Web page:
Ahead of you in the driver’s seat sits a small but clearly laid out set of digital dials that are easy to read. All but the most basic C5 X get a big, wide head-up display. Visibility is OK, meanwhile, but the tall, bluff bonnet means positioning the opposite corner of the nose sometimes feels like guesswork, while the rear window is quite small.

There’s no rear wiper, either; Citroen says its designers have shaped the airflow around the rear of the car to clear water and dirt, but take that with a pinch – nay, a bucketload – of salt. Past experience tells us that sort of marketing fluff rarely holds true in a grimy British winter.

Long-distance love affair

Which is a shame, because in all other regards this is a brilliant car for a long motorway journey. This petrol-engined car has the same steel-sprung suspension set-up as the smaller 1.2-litre – and that’s a good thing, because it feels like a better solution than the electronically adjustable dampers that are standard on the plug-in hybrid.

It feels like a good deal of attention has been lavished on getting the C5 X to ride well, in fact; it whooshes along at speed with the sort of calm, unruffled stability you might expect from a big Audi. This despite the fact the C5 X lacks Citroen’s famous self-levelling hydropneumatic suspension; in fact, this is the first big Citroen estate not to be offered with the company’s most famous innovation since the DS Safari made its debut in 1958.

It’s on the motorway, too, that you’ll be rewarded for your decision to choose the 1.6-litre engine over the 1.2, which struggles at these speeds to haul the C5 X’s heavy body.

Rather than thrashing away as the 1.2 does, the 1.6 hums along unobtrusively, barely using any more fuel. In fact, only 3mpg separates the two engines on the WLTP extra-high speed cycle, which isn’t a huge surprise given how much harder the smaller unit has to work – especially up hills or when the car is fully laden.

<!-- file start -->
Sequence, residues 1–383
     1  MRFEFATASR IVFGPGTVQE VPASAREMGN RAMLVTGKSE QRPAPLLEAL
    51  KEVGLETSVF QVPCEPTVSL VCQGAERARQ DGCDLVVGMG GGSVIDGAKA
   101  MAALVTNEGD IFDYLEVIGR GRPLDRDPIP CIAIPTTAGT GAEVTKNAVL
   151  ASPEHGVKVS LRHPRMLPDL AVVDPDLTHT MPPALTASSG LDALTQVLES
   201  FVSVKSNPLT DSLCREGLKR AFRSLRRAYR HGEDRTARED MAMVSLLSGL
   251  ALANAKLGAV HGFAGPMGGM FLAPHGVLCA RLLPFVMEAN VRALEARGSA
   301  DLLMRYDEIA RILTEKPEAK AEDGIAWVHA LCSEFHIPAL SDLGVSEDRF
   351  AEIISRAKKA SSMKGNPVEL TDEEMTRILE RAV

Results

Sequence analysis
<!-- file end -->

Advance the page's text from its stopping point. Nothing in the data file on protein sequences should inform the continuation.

Away from the motorway, too, the 1.6 feels like the better engine. Yes, it lacks the characterful thrum of the 1.2 from standstill, but where the smaller engine is starting to run out of puff the larger one is just getting into its stride; that means the automatic gearbox isn’t forced to rapidly shift up in search of a narrow band of torque.

Comfort with assured handling

Around town, it’s the C5 X’s ride quality that really holds your attention. The 19-inch wheels might prompt concerns, but fear not: smaller imperfections are all but blotted out, and while you might feel an occasional twang through really big potholes, the C5 X does a brilliant job of blotting out the tremors and vibrations of the road surface.

What with its height and soft suspension, you might imagine it’d go to pieces on a sinuous road – but it doesn’t. Granted, there’s a little bit of body lean, but no more than you’d get in a standard-height family estate. What really impresses is how neutral and balanced the car feels through bends, and how much grip it offers, which means you soon start to feel really confident in its responses.

It might be a stretch to call it fun – there’s too little feel through the steering for that, and too much over-assistance around the dead ahead. But once you’ve got the steering weighted up with a bit of lock hrough a fast turn it’s precise and accurate. The way the C5 X flows through a series of wide, fast bends is a real delight; with this smooth, reasonably gutsy 1.6-litre under the bonnet, there’s enough power to haul you out of each apex with aplomb.